In 1997 my grandmother, Martha McKay Stovall, passed away ten days after her 79th birthday. Below is a picture of her and my grandfather, George Walter Stovall, who died last year at 90. When this photo was taken in the summer of 1947 she was 28 and he was 31. Both were younger than I am now.
Here's something I've wondered about for a while now: Theoretically, heaven is, well, heavenly. You lived a good life, so you're rewarded with eternal happiness. But people generally die when they're old, and who wants to arrive at the pearly gates only to discover that you're going to spend eternity with arthritis, cataracts, and liver spots?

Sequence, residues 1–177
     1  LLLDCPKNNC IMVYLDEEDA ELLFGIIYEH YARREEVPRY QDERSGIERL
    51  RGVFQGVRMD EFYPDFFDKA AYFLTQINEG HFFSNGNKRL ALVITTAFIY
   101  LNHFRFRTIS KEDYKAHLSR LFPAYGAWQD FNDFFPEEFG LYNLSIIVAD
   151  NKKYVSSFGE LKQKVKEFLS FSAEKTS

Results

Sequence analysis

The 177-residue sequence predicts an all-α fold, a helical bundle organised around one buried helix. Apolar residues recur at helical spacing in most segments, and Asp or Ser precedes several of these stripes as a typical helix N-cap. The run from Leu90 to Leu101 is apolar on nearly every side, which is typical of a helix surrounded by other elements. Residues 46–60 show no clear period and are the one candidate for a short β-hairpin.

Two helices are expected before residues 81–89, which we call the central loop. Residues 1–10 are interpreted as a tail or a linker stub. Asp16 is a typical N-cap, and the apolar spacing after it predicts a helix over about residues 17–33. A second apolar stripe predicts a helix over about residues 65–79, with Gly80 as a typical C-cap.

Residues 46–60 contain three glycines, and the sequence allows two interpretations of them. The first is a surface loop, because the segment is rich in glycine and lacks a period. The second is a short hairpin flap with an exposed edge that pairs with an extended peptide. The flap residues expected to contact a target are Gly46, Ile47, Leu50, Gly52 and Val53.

I wasn't the wisest or most even-tempered 21-year-old, but physically speaking, that's the age at which I was the least self-conscious, so I'd like God to restore my legal-drinking-age features once I get to heaven. And I'd like to be reunited with my grandparents, but would they be in their early 20s—or whatever period of their lives at which they were the least self-conscious—when I meet them again? I'd recognize them, of course, but are family reunions in heaven filled with people who look like they're all in their teens and 20s, with no middle-aged or elderly bodies in sight?